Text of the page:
You have a monkey mind
‘You have a monkey mind. It jumps around too much. You have to work on keeping it still.’
So says my new friend in Hampi, India. I was 22 and had gone on an Asian adventure after University. As is customary for me, I have forgotten his name but not his face, the sound of his voice or being taught, on the bank of the river as the sun set, to meditate. He was a Russian Israeli, but kept it secret, preferring to say he was Russian instead, and that is what his accent said to me.
Three young Indian boys drift downstream in an oracle, they cannot be more than 12 years old. Bored of their unsuccessful fishing exploits they call out to us, demanding to know where we are from and our names. My friends asks them to guess. The tallest boy calls out Britain for me, then asks my friend to speak again. He yells back, laughing, “Israel, you are from Israel”. The boys laugh at the shock on my friends face and push the oracle back into the current. They float away downstream and six monkeys take to the water, deftly swimming across the river to the little rocky outcrop my friend and I are sat on.
‘Everyday, focus on the world, really focus, what you see… every detail you see. Everything you can smell and hear and feel. Pay attention to the world. It is an incredibly special place… I bet you have never seen monkeys swim! Those boys, they pay attention, they could hear what no one else could. Live in the moment. Understand that you are incredibly special too.’
It is now 6 years later. Almost to the day. This winter I am not in Asia, I’m in France. At Champagney En Vanoise for the fourth round of the UIAA Ice Climbing World Cup. It is my second international competition, coming a week after my first in Saas Fe, Switzerland.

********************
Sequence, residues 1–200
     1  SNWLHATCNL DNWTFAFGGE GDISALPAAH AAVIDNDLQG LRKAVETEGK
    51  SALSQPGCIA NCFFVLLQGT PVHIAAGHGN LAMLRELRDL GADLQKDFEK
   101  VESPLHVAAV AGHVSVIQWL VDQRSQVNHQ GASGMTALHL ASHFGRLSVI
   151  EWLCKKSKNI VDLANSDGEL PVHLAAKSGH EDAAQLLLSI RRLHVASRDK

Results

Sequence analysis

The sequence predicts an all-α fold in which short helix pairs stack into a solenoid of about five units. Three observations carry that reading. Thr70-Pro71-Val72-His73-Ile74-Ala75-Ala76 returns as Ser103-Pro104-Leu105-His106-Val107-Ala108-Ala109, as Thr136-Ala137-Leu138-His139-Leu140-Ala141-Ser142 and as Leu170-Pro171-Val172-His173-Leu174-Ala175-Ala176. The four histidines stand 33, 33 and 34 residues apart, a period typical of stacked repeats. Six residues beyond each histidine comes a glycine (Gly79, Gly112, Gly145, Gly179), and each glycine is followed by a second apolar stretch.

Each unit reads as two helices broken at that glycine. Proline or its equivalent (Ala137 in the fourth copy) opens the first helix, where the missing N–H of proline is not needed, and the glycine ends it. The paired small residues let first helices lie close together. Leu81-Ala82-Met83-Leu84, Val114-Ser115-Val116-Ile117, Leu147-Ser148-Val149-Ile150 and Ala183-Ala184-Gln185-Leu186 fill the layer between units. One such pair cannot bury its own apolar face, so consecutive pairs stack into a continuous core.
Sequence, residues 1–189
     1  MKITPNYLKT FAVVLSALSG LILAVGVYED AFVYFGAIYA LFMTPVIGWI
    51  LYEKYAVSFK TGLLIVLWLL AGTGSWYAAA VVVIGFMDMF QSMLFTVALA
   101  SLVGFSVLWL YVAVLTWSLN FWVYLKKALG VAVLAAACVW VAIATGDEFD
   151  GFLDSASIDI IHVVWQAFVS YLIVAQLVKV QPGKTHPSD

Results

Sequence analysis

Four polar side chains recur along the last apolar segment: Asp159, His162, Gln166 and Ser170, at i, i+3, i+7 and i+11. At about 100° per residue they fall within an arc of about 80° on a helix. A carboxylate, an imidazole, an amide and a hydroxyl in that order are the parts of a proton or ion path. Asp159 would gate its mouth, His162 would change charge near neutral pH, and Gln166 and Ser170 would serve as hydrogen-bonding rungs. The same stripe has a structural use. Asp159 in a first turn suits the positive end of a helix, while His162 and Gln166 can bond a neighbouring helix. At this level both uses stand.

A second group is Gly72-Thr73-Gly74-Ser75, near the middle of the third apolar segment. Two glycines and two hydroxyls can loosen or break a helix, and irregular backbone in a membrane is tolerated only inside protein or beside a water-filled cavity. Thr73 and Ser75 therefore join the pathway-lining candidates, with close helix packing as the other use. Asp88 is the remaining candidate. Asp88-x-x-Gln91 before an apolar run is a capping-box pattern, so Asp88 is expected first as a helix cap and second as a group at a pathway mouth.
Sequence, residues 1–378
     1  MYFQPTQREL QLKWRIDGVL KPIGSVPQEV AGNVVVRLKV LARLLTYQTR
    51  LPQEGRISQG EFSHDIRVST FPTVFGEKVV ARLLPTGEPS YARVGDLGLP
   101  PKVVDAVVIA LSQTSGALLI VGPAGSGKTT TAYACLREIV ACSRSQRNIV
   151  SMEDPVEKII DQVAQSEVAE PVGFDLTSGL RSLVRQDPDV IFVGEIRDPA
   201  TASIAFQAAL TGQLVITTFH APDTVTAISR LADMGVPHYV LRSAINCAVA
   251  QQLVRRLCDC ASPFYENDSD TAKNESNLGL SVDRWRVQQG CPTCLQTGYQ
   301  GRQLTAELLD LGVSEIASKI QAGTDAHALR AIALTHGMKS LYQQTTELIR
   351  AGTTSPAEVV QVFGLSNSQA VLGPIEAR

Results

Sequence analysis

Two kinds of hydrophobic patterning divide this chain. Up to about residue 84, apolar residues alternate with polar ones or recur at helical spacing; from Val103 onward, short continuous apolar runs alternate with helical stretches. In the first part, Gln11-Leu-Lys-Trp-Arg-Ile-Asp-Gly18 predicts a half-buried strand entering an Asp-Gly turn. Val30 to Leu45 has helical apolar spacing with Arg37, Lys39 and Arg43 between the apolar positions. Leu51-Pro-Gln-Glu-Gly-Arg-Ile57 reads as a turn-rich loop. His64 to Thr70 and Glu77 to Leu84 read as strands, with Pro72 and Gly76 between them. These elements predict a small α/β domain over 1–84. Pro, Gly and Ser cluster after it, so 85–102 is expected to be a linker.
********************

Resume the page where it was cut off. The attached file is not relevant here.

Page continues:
For those who don’t know me, I have two states. Late or disorganised. For this competition I am travelling by myself, no safety net of team mates to organise me. I had an already tight schedule to make registration on time. So after boarding the plane I did not want to be told that there was a strike of Air Traffic Control and the plane was delayed. Several desperate tweets to the UIAA later and I had another understanding organisation accepting my general lateness of person. After landing, I waited forever to pick up my bag, ran for the train and make it! This is unusual, I’m organised and have a plan on how to get to registration.
Subconsciously knowing that my organisation cannot last without the help of outside forces or my credit card I nervously settle into my train journey. I make it to Chamberry to catch the last connection and find that the strike has infected trains as well as planes. One Gallic shrug later from the chap in the ticket office and I appear to be stuck. Time for plan B, the credit card. I leave the train station and make my way to the car hire office across the road. I organise a car for the weekend and drive to Champagney in time for a big bowl off pasta and to pick up my number.
After meeting up with the rest of team GB we settle into our accommodation. Again, I have been kindly organised by Ruth Taylor, British Team PA, who has found some kick ass place for us all to stay. The wall at Champagney is bigger than at Saas Fe so all the climbers can compete together and it also means we are all in isolation together. I’m up almost last and have a long wait. At Champagney the team representing GB consists of Andy Turner, Steve Johnston, Matthew Pritchard, Pete Holder, Malcolm Kent and myself. We all pile into isolation together, looking like a slightly off key unit in our matching bright down jackets.
For me, I now have a four hour wait. I use this time wisely by warming up slowly and making friends with everyone who I can, irrespective of their nationality or even if they can understand me. Slowly the team leave isolation until there is just myself, Malcolm Kent and his friend Dave, a physio from Canada who has come on an extended European road trip with Malc. He teaches Malc and I card games to pass the time. Malc and I get called together to go to isolation two, nearer the wall.